“Self-leveling underlayment” is a bit of a misnomer because it requires the intervention of a thoughtful installer to ensure the best results. Follow these guidelines to prevent issues in your self-leveling underlayment installation.
1. Select a product appropriate for the installation: Know your installation environment and familiarize yourself with the relevant ASTM standards for strength. A commercial floor subject to heavy rolling loads will require a higher-grade self-leveling underlayment than a floor in a single-family home.
Also, it is critical to understand your project timeline and choose a product that fits within the appropriate schedule. Some products may require 24-48 hours prior to installing tile, while other more premium products are ready to accept flooring in as little as 2-4 hours. Consult product data sheets for information on tensile strength, compressive strength and flexural strength, as well as recommended cure times.
2. Stabilize your substrate: Most products require that all surfaces are fully stable and structurally sound prior to the application of a self-leveling underlayment. For example, wood must be securely fastened with screw-type or ring-shank nails and adhesive because if it shifts, it could cause cracking.
3. Prepare your substrate: Make sure to plug all floor openings, gaps and cracks and install termination dams to prevent any seepage. Consult with product manufacturers to determine moisture limitations of the self-leveler, adhesive and flooring to determine if moisture mitigation is needed.
If moisture mitigation is required, this must be done prior to installation of the self-leveling underlayment.
Self-leveling underlayments (SLUs) require the use of a primer prior to installation. Primer retains the moisture within the self-leveling underlayment to properly cure. Secondarily, it acts as a bonding agent to ensure the SLU bonds properly to the substrate. Refer to the primer label for information regarding application methods and dilution per ASTM F3191.
Beyond priming, most self-leveling underlayments require that the substrate be free from any contaminants that may inhibit bond, including oil, grease, dust, loose or peeling paint, sealers, floor finishes, curing compounds or contaminants. Some underlayments will require a certain concrete surface profile (CSP), and in these cases, mechanical abrasion, like shot-blasting, is required. Make sure the substrate is contaminant free and has the necessary surface profile before starting the pour.
4. Mix properly: Mix your self-leveling underlayment within the water range specified on the bag. Overwatering will lower the strength of the underlayment and can cause cracking and pinholing. Additionally, a white film (efflorescence) may form on the surface of the cured underlayment if the product is overwatered. This film can act as a bond breaker if the mortar bonds to the salts instead of the SLU. Do not over mix it, as this can make it harder to work with and lead to cracking or improper flow. Mix a maximum of two bags at a time when barrel mixing to ensure a proper blend. Follow equipment and product manufacturer’s recommendations when pumping self-leveler.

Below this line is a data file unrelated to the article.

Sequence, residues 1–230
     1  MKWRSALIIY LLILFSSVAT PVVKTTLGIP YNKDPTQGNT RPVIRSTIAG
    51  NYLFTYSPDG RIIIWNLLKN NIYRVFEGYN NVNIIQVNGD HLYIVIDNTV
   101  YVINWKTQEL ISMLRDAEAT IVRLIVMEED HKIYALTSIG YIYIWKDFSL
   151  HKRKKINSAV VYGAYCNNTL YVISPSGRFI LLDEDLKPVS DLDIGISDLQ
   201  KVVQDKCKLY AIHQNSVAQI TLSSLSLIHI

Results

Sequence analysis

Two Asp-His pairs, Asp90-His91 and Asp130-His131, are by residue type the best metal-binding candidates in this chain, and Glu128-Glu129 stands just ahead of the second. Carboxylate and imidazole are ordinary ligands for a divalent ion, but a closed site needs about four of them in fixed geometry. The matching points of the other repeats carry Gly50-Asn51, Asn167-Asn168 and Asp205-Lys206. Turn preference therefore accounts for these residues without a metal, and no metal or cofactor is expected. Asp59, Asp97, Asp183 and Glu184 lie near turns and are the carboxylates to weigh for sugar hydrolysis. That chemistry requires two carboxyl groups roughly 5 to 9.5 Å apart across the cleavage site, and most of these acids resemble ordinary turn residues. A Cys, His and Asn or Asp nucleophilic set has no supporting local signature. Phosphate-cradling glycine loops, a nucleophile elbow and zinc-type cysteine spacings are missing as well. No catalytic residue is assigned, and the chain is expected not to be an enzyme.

5. Be aware of product and environment temperature: Make sure that the temperature of the room is within the manufacturer’s acceptable range. A climate that is too cold or too hot can cause issues, such as increased set time in cool temperatures or reduction in heal time in hot environments. Temperature and humidity will affect flow, working time and set time.
Additionally, the temperature of the powder and the water is crucial. Leaving product in the sun, or in a hot environment may lead to flash setting. In situations where warm product is unavoidable, mixing with cool water may help combat installation issues.
Whether the environment is warm or cool, acclimating the product prior to mixing is a best practice.
6. Use as recommended: Manu-facturers will specify the maximum thickness of their product. Some products allow for addition of aggregate to increase the depth of the pour, while others only allow their product to be used neat. Be sure to use the appropriate aggregate size and amount when extending a self-leveling underlayment. If a surface is extremely uneven in an isolated area, a patch may be necessary, rather than a self-leveling underlayment. Consult with manufacturers to determine the most suitable product for your application.
Protect from excessive drying due to air movement. Use of fans or other direct air flow is not recommended, as the surface can be prematurely dried, leading to a weak underlayment.
7. Protect your underlayment: Generally, underlayments are not final wear surfaces. They should be protected from construction trade traffic until final floor covering is applied. Traffic without protection can lead to cracking and disbonding. Do not allow heavy or sharp metal objects to be dragged directly across the surface.
A common theme connects these recommendations: noting and adhering to the manufacturer’s instructions. You must read labels and product data sheets carefully to ensure products perform as desired. If you do have questions, you can always reach out to the product manufacturer.
Emily Brunner is an Area Technical Specialist for H.B. Fuller Construction Products covering the southern United States. Brunner works with application techniques training and troubleshooting for surface preparation, tile setting, and flooring adhesives.